I chose digital for practical reasons. The world changed, and I needed to change with it. I did not decide to minimise blur, but I found that my digital camera when set on automatic can render a sharper image because it uses faster shutter speeds. I learn with every effort, and I try always to keep learning. I wish the world had stayed the same, but life in fact is about change, and the cultural changes that I don’t much like are the way it is. I feel it is important to go with the flow, to embrace what is necessary in our changing culture.

Head over L1GHTB1TES for the full interview and more photos.


Posted in Faculty News Also tagged , |

Elaine Mayes @ the TIME Lightbox Blog


Autolandscapes of the American Road

TIME magazine LightBox

…As one of the very first women teachers of photography who learned her craft primarily in art school, Mayes has influenced generations of photographers while quietly, steadily and tenaciously pursuing her own vision as a creative artist. This summer, Mayes’ work from her seminal Autolandscapes series will go on display through January 2014 at the Smithsonian’s American Art Museum, alongside work by Steve Fitch and Robbert Flick.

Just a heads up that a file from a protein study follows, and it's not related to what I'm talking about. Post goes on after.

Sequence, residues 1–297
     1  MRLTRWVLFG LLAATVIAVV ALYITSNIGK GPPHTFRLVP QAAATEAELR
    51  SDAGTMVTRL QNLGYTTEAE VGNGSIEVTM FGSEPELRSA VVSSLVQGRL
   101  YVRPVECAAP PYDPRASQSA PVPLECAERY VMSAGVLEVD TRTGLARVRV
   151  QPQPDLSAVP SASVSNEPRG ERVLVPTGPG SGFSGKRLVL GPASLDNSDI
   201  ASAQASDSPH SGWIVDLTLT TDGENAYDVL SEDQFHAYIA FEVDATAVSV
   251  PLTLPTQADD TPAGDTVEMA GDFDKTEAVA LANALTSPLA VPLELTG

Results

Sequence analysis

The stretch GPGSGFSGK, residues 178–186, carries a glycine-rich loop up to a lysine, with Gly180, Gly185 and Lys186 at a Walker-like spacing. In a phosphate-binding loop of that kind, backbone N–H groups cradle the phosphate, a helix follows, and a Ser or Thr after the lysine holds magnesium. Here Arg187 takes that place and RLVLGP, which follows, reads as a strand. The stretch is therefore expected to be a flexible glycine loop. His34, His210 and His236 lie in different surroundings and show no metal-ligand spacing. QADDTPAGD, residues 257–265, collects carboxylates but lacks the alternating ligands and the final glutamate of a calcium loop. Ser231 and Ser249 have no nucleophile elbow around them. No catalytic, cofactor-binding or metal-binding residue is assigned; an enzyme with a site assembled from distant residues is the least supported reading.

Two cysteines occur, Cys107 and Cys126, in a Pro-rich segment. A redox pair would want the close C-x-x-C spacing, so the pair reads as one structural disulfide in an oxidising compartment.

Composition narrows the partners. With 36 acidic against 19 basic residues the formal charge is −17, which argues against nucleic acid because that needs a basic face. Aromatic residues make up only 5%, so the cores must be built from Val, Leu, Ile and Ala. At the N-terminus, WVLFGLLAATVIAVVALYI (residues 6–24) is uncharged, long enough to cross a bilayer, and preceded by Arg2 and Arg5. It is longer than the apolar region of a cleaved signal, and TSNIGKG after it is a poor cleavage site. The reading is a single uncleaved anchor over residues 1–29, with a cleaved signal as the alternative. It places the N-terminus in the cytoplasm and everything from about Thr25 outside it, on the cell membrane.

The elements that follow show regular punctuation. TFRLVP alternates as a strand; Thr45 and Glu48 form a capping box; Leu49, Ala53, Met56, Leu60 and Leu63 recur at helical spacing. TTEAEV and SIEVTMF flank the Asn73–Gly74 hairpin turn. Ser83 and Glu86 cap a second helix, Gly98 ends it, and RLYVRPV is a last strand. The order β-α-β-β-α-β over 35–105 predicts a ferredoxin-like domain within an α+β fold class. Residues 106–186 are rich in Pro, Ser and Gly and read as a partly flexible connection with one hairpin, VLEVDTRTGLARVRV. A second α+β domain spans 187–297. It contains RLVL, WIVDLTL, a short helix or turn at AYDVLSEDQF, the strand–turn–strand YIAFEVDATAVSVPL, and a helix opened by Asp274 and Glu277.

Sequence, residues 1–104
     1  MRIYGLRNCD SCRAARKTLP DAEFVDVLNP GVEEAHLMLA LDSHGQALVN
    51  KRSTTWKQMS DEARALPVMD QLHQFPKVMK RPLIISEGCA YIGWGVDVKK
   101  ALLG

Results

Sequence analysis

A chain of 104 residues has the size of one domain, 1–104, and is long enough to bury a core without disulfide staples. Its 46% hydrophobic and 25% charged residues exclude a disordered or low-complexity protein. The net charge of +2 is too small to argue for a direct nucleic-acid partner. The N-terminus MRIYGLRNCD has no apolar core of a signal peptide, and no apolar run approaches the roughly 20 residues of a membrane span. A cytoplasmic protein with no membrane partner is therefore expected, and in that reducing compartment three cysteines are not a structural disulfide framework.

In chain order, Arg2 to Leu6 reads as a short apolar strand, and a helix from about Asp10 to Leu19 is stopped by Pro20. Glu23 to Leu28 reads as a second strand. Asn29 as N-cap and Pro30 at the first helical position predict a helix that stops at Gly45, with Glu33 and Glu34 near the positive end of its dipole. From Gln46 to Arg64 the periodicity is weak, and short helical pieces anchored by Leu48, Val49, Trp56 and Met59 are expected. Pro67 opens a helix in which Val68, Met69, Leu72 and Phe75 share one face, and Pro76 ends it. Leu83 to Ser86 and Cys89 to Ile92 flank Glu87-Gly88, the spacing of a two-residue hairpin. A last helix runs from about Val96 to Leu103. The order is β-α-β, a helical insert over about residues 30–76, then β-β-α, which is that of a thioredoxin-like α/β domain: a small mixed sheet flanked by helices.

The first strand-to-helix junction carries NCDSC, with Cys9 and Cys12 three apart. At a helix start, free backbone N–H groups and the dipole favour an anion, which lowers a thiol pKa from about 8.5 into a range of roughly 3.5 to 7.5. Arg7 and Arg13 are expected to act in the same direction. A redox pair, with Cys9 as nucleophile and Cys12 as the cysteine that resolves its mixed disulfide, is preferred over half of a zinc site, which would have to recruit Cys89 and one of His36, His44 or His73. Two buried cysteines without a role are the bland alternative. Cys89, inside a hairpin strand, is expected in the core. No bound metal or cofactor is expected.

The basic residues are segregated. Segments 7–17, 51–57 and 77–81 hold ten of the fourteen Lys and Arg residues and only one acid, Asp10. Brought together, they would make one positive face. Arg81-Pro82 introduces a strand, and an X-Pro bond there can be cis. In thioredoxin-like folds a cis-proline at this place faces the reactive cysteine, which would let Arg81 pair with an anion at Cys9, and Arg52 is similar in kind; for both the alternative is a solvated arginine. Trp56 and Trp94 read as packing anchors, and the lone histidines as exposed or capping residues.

Read more 

Fantastic slideshow of images by Professor Emeritus Elaine Mayes accompanies an article written by the photo editor of LIFE.com, Liz Ronk. Liz is alumnus of our program who went on to get her MFA at the Visual Studies Workshop in Rochester, NY.


Posted in Faculty News Also tagged , |

‘Expand Your Seeing’ a workshop in Southern Oregon w/ Elaine Mayes